The Principle of Calculated Risk
The former administration left Syria in sinking condition. It is unclear whether the ship can still be saved, but the cries of the victims are so heart-rending and their number so huge that the pressure to row back the lifeboats to save them even at the risk of swamping is difficult to resist. In December of 2016 Jamie Dettmer at VOA wrote: "Assad's survival now looks almost certain, thanks to Russian and Iranian support for the Syrian regime on the battlefield."
Russia's influence inside Syria appeared so great at one point Israeli prime minister Netanyahu flew to Moscow to seek Putin's reassurances that Hezbollah would not be allowed to take up positions along the Yarmouk river-Shebaa line across the Golan. Perhaps Assad's greatest stroke of luck was the abortive Turkish 'coup' which took Ankara out of the fight. Yezid Sayigh writes for Carnegie that "the abortive coup of July 2016 ... has prompted Turkish President Recep Tayyip Erdogan to defuse foreign policy crises in order to focus on challenges within his country’s borders. This means abandoning the effort to remove Assad from power."
Together these developments have forced Syrian rebel groups to perversely gather under the Jihadi flag to survive against a resurgent Assad. "After years of byzantine internal disputes, Syria’s armed rebels are suddenly gathering into large, centrally directed organizations of the kind they always needed to threaten President Bashar al-Assad’s authoritarian regime. But rather than a winning move, these last-minute unifications look more like the prelude to ultimate defeat. The balance of power in opposition-held northern Syria has now swung sharply in favor of hardline Islamists and an internationally targeted jihadi group, whose growing influence is more likely to drive Western states over to Assad’s side than to topple him."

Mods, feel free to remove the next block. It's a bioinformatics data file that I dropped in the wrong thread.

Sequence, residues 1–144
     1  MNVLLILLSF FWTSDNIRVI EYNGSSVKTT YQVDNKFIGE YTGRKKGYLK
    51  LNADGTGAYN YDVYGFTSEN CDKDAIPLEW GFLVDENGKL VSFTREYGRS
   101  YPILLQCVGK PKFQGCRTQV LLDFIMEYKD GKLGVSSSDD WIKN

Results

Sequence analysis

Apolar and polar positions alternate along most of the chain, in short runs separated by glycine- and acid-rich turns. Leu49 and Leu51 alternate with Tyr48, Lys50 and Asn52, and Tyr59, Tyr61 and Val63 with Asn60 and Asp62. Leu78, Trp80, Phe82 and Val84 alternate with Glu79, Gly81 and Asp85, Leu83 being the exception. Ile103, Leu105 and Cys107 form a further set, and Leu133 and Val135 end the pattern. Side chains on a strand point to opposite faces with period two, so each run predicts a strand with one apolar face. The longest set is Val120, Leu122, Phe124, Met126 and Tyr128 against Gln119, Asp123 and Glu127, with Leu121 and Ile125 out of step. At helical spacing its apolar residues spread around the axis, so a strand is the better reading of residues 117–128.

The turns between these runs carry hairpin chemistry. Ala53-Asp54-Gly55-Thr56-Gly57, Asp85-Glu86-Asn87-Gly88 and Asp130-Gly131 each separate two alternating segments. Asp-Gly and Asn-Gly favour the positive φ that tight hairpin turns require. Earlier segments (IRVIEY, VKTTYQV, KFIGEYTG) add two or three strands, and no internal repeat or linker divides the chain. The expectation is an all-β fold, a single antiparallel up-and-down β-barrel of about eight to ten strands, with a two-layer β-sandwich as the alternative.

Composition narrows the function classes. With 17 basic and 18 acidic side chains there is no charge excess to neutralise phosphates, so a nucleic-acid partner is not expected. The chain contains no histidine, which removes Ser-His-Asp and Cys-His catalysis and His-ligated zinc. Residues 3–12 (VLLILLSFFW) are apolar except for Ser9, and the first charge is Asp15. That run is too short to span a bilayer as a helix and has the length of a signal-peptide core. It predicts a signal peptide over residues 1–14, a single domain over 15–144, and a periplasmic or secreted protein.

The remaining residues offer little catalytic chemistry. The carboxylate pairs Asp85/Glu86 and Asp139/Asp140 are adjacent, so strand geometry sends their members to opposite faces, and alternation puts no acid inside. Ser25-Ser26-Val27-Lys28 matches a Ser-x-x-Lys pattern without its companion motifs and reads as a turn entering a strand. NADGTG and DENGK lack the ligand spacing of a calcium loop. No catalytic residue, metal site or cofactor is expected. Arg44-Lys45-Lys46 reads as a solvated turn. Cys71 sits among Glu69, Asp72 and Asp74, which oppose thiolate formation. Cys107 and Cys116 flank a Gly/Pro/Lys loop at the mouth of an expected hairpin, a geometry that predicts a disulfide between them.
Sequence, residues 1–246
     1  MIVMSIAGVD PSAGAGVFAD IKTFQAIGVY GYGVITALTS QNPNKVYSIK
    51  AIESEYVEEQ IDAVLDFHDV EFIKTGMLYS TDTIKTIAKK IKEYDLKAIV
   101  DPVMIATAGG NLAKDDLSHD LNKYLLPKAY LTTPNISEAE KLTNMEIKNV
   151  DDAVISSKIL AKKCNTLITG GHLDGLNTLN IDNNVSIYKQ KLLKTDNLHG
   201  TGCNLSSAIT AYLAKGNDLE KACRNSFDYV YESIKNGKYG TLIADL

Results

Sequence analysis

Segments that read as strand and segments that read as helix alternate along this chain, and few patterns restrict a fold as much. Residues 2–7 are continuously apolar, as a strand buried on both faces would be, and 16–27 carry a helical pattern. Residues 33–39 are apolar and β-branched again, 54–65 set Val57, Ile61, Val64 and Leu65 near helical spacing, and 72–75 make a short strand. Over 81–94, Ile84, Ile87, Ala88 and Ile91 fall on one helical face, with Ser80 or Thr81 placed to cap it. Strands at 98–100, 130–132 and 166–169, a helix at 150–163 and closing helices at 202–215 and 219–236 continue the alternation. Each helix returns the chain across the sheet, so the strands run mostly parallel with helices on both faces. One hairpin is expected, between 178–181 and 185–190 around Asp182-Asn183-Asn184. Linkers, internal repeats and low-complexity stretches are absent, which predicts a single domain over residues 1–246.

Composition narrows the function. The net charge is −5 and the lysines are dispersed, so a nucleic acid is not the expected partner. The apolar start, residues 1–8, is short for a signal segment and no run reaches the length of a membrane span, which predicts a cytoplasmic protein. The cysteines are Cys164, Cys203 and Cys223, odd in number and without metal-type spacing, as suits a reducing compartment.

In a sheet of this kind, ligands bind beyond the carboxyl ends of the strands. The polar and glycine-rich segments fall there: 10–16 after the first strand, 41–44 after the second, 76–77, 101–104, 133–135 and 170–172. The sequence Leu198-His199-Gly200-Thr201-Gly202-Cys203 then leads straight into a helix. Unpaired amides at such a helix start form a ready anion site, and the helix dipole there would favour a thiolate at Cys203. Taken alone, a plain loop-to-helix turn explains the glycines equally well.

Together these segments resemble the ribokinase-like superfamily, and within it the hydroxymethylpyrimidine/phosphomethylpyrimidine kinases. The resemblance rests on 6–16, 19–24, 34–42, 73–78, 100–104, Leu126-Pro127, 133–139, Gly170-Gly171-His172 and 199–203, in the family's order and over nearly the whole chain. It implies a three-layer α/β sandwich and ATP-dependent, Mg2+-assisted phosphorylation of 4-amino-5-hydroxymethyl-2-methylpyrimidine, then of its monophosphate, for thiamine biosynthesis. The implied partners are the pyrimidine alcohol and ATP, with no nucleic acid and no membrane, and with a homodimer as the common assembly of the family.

The reality is that knocking out ISIS only begins to address the problem of battlefield full of villains. The Boss fight still lies ahead. As Aaron Lund wrote "an aggressive intervention of Gulf money, Turkish military aid, and U.S. drone strikes might be able to shift things around, but that is by no means certain and even less likely to be tested." But now there's a chance. With Russia and Iran weakenened by falling oil prices and Putin beset by internal opponents they no longer seem so invincible.
If anything the renewed calls for action against Assad -- and by implication Russia -- are a backhanded compliment to Donald Trump. But compliments don't win conflicts. As if to remind the civilian world of what a campaign in Syria involves Agence France Presse reported that "The United States has expanded a runway at a northern Syria air base to accommodate the large C-17 military plane needed to help with logistics for the push to retake the ISIS stronghold of Raqqa ... The huge military air freighter will play an essential role in supplying the Syrian Democratic Forces as they mount an offensive to retake the city, ISIS's last big stronghold in Syria." Amateurs it is said, talk strategy but professionals talk logistics. The logistics of a fight against Assad will be substantial.